We Love You and Hope You Love Us Too: Investors to PNB
Punjab National Bank, India’s second largest state-run bank, stunned one and all with an unprecedented exchange filing on February 14, 2018. This is what it conveyed:
“The Bank has detected some fraudulent and unauthorised transactions (messages) in one of its branch in Mumbai for the benefit of a few select account holders with their apparent connivance. Based on these transactions other banks appear to have advanced money to these customers abroad. In the Bank these transactions are contingent in nature and liability arising out of these on the Bank shall be decided based on the law and genuineness of underlying transactions. The quantum of such transactions is USD 1771.69 M (approx). The matter is already referred to law enforcement agencies to examine and book the culprits as per law of the land.”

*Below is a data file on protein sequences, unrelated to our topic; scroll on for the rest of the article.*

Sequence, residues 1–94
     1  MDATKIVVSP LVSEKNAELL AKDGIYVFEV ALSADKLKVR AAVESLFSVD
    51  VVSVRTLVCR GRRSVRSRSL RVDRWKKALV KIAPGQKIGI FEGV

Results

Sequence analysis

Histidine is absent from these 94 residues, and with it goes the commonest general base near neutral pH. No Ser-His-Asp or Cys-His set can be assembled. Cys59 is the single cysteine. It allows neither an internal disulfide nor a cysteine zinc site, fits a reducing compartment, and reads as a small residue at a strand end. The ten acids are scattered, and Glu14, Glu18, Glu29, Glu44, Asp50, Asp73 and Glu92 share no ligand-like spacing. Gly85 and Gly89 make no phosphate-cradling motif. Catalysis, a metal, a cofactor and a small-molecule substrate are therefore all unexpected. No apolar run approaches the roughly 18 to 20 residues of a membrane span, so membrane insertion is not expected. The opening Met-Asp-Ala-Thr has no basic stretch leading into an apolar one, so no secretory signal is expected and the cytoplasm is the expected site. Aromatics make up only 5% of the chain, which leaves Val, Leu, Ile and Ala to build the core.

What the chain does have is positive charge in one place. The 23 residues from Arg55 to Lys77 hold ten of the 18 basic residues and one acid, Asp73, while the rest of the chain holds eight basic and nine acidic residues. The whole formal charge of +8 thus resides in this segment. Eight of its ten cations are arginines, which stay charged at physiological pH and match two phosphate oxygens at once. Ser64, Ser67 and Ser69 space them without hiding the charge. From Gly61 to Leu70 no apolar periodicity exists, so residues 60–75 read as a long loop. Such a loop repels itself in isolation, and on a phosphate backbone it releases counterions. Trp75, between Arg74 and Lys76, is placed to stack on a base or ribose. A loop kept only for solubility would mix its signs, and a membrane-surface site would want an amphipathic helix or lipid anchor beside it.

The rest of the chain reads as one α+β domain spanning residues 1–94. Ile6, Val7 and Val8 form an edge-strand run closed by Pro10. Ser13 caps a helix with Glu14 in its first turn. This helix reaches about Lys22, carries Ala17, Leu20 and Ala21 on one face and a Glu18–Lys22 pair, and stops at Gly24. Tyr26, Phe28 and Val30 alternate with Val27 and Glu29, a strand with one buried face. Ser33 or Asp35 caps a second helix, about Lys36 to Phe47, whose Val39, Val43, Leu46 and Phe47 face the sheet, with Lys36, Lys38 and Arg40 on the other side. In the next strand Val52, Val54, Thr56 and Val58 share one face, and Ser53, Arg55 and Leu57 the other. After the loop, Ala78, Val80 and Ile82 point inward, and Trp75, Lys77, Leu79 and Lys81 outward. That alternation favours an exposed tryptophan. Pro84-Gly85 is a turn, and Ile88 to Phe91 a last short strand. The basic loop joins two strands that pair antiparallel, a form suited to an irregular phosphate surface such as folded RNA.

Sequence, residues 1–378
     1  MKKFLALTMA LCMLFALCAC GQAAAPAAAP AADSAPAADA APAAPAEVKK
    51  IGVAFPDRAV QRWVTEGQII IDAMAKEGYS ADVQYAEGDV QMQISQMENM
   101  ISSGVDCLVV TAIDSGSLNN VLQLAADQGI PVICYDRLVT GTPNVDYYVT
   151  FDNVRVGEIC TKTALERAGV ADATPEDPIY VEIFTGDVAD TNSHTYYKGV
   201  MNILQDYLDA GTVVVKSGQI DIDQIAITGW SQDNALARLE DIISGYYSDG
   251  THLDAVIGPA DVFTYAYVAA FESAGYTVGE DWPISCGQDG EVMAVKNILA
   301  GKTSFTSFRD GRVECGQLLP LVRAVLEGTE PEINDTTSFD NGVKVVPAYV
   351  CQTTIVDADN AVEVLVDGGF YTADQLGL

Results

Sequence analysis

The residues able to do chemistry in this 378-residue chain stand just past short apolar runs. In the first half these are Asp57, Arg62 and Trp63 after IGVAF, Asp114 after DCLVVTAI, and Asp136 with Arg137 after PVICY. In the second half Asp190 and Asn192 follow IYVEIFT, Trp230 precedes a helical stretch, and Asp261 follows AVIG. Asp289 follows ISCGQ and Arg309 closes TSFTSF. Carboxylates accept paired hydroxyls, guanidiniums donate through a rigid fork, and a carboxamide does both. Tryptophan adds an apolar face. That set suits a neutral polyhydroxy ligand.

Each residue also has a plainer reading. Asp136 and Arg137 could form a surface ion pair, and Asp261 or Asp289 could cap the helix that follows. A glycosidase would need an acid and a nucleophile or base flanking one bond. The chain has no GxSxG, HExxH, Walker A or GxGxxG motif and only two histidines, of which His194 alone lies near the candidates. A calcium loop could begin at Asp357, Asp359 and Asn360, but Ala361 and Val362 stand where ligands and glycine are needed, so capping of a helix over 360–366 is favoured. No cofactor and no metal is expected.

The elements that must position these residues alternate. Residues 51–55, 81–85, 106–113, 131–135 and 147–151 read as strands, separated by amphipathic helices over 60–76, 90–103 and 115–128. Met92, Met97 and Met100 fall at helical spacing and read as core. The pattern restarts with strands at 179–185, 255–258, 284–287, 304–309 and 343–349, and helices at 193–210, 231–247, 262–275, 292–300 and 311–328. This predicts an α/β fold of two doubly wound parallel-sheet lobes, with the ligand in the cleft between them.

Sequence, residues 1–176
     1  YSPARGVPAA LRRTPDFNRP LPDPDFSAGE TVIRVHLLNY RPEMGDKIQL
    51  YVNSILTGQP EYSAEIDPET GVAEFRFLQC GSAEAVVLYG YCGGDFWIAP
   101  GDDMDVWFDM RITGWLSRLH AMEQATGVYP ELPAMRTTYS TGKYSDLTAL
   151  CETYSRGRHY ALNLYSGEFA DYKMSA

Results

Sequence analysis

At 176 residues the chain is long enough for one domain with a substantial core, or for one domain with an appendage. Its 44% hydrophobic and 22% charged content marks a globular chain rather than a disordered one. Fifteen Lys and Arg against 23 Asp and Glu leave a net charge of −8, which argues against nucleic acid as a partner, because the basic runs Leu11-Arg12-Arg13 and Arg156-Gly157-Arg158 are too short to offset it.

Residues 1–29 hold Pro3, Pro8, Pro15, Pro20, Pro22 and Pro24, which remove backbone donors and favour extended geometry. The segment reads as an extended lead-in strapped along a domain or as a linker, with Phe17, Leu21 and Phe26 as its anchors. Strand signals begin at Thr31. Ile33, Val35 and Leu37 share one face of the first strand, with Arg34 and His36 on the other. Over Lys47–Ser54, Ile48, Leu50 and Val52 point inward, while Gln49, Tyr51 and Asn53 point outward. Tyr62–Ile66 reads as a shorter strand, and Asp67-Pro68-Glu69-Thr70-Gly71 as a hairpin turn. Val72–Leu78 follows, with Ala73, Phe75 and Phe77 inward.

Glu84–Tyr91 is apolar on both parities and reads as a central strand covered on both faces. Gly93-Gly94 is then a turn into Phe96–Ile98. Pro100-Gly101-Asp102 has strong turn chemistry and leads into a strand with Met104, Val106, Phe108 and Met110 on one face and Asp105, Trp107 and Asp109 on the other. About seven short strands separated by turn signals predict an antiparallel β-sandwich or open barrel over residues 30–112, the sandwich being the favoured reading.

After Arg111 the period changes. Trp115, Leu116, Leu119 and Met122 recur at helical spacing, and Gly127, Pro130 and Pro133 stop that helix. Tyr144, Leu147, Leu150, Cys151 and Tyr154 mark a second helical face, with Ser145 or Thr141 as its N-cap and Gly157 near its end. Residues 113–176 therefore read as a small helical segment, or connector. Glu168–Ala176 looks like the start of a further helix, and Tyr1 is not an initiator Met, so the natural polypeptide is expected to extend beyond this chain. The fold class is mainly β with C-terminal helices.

Now, pause for a second and think about this: PNB duped investors with Rs 11,384-crore fraud, almost one-third of the Bank’s market value, and that too on Valentine’s Day – What an irony!
How the PNB Scam Played Out
Let’s try to understand how the whole episode transpired:
PSU Bank Stocks Go Berserk
What followed next was absolute carnage – PNB fell a massive 28% in the next four sessions, wiping off ~Rs 11,000 crore of investors wealth. Other public sector banks followed suit after they also reported exposure to the fraud. A wave of selling set in, as the Nifty PSU Bank index plunged a whopping 10.4% in four sessions.
Below is the extent to which PSU Bank components corrected from February 14 to 19, 2018:
How Smart Investors Stayed Away
Rising NPAs and poor earnings growth have remained a cause of worry for PNB for quite some time now. In the past eight years, the stock has remained sideways and failed to generate any meaningful returns for shareholders. The stock did reward investors with 53% return in October 2017 on account of the recapitalisation boost. The Indian government decided to infuse a whopping Rs 2.1 lakh crore into public sector banks in FY 2018, compared to just Rs 1.5 lakh crore injected in the past three decades.